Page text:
On feeding on more than one trophic level [18]


Journal Article (Letter)

IN trying to understand the structure of ecological communities, ecologists usually pay particular attention to the interactions between pairs, or small groups of species1. Questions about the 'shape' of the food webs within which these species are embedded are much more rarely asked 2-4. For example, what happens when a population feeds at more than one trophic level (omnivory)? In some real food webs there seem to be no omnivores (Fig. 1a)5; in others omnivores are common6,7 (Fig. 1c)8. In this note we attack the problem of omnivory using simple, linear Lotka-Volterra models of food webs9, and show that certain patterns are much more likely to persist on an evolutionary time scale than others. We then compare the model predictions with real food webs. © 1978 Nature Publishing Group.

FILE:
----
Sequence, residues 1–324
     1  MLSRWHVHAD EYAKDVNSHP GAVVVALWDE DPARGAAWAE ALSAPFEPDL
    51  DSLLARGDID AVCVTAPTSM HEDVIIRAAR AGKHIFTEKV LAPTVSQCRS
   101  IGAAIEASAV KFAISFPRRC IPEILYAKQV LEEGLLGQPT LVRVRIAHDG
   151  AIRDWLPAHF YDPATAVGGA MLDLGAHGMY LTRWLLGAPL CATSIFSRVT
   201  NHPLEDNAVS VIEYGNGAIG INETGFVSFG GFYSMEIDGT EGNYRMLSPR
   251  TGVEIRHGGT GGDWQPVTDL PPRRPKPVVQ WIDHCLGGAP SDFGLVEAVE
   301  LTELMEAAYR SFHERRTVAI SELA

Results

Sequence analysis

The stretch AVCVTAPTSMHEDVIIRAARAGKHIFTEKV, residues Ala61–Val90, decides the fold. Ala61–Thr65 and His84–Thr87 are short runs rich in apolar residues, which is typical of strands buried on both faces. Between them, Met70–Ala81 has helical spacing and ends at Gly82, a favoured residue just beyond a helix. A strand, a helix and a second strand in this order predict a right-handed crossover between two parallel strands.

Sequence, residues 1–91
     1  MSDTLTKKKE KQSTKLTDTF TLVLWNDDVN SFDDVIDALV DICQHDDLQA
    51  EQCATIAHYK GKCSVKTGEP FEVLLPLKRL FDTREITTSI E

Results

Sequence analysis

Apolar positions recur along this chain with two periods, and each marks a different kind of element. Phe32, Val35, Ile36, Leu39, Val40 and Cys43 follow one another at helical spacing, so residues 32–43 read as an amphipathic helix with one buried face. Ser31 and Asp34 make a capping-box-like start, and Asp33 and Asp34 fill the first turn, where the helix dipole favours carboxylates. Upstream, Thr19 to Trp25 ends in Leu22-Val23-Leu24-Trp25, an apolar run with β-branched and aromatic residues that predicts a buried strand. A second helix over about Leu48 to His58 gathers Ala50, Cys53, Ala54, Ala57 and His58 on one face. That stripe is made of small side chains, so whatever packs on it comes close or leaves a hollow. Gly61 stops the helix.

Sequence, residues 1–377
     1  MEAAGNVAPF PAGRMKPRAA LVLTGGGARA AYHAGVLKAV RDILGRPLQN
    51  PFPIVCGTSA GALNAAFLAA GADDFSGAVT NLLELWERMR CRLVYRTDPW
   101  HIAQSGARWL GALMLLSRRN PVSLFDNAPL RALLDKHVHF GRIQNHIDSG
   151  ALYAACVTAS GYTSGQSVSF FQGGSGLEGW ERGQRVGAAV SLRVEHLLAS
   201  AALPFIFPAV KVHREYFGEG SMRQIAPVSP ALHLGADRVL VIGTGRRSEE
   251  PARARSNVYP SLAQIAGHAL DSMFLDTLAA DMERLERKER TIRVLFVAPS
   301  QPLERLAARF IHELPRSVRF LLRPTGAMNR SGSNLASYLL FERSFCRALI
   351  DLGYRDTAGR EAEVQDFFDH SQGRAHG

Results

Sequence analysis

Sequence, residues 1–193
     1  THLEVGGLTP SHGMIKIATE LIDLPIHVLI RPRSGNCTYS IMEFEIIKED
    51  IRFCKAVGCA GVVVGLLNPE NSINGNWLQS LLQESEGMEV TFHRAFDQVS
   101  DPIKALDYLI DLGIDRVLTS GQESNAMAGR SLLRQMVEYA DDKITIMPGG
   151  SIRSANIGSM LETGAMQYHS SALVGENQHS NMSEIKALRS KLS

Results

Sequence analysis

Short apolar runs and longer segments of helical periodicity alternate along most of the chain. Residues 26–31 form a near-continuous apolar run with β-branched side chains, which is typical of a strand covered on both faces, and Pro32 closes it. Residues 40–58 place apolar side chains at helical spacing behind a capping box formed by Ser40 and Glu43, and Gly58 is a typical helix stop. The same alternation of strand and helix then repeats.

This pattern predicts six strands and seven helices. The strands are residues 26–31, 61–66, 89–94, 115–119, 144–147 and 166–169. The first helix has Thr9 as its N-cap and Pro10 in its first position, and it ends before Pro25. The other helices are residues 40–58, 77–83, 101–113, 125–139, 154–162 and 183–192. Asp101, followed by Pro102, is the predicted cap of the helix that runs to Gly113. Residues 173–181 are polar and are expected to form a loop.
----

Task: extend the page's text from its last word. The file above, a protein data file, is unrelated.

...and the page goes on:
Full Text

Duke Authors

Cited Authors

  • Pimm, SL; Lawton, JH

Published Date

  • December 1, 1978

Published In

Volume / Issue

  • 275 / 5680

Start / End Page

  • 542 - 544

International Standard Serial Number (ISSN)

  • 0028-0836

Digital Object Identifier (DOI)

  • 10.1038/275542a0

Citation Source

  • Scopus